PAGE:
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Each year OT Week sets out to recognise the pivotal contribution occupational therapists make within communities, providing innovative and tailored support to help people reach their full potential. To recognise this week, this year we are celebrating an exciting new addition to the Mater Private Hospital Springfield Occupational Therapy team.
Mater Private Hospital Springfield has expanded their service offering thanks to a generous donation from the Greater Springfield Charity Ball event which has enabled the purchase of a car to aid occupational therapists to visit patients in the comfort of their own home and facilitate timely, safe discharge from hospital.
Director of Clinical Services Suzanne Hawksley said the team were overwhelmed by the generosity of the donation and the positive impact this has had on patients and their families.
“Funds for the vehicle were raised at last year’s Springfield Ball, a much-anticipated annual event held by the Springfield City Group. It’s important that donations made by Springfield residents stay in our community to help those who need it,” Suzanne said.
Managing Director of Springfield City Group, Raynuha Sinnathamby is thrilled with the outcome and said that when communities come together big things can be achieved.
“We are so proud of how the Greater Springfield charity ball has helped Mater in our community over many years. Springfield City Group would like to thank all of our sponsors and supporters of this event, because we couldn’t do it without them,” Raynuha said.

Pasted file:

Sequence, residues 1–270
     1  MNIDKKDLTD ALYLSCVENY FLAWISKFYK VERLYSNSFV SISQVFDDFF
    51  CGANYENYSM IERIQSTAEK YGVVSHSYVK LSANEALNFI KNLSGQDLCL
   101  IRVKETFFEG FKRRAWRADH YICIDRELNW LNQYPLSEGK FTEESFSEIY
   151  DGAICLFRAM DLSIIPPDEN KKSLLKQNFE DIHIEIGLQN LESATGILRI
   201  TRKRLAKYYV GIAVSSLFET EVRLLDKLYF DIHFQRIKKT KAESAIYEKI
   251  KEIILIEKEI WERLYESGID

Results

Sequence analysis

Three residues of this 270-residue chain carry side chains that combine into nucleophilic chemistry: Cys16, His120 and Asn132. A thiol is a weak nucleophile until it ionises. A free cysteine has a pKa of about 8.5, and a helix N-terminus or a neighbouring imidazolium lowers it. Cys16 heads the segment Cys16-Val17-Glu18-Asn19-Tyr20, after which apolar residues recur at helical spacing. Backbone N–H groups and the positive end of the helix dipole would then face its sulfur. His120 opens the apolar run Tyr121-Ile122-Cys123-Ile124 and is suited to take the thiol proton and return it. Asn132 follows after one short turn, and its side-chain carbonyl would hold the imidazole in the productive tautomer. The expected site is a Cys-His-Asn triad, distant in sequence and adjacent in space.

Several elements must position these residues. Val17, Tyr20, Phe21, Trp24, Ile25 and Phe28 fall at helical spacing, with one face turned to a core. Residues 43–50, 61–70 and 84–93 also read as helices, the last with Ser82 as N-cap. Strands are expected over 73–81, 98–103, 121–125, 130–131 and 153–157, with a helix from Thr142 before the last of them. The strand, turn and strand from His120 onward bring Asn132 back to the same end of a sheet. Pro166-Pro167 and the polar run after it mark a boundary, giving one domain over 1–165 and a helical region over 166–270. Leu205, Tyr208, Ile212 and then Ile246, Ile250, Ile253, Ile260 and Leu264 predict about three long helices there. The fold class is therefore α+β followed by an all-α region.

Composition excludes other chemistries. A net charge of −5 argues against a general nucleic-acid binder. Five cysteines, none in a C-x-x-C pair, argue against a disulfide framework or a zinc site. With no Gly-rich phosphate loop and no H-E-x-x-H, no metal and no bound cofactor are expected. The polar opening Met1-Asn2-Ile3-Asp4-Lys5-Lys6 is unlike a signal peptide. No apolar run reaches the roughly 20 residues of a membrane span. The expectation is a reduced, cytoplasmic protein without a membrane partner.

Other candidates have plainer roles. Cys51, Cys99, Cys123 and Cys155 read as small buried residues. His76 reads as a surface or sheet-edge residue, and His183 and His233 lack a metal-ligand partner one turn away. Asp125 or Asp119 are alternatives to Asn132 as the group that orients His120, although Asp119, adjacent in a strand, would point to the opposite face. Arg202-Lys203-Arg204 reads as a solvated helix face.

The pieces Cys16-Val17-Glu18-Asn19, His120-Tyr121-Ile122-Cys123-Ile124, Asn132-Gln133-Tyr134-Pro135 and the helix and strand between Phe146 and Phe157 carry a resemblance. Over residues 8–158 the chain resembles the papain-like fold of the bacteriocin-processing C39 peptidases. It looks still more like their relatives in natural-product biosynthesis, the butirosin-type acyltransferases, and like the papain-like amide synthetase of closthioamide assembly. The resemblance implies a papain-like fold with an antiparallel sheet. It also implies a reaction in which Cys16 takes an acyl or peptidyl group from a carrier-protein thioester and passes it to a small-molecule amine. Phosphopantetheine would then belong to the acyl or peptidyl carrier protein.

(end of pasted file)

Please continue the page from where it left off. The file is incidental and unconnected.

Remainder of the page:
“We would like to thank our official event sponsors University of Southern Queensland, Lendlease, Commonwealth Bank, Grant Thornton, Icon Cancer Care, Stockland, Kalina Stockland, BMD, Minter Ellison, LandPartners and Cardno.”
Occupational Therapist Christine Cullen said the car has made a positive impact on patients already as visiting people in their own homes is fast becoming best practice in this profession.
“The role of the Occupational Therapist is to help a patient regain their independence and functional ability in their daily lives. Implementing skills learned as in inpatient in the home environment is essential to patient’s ongoing recovery,” Christine said.
“Once we enter their home we can clearly identify potential hazards and immediately work with patients to ensure they are kept safe and minimise their risk of injury in their own environment. We can also identify ways of making life easier and suggesting aides and home modifications which may help them.”
The team have received great feedback from patients and their families in that they feel safe and ready for discharge home.
To find out more about Mater Private Hospital Springfield, visit mater.org.au/health/hospitals/mater-private-hospital-springfield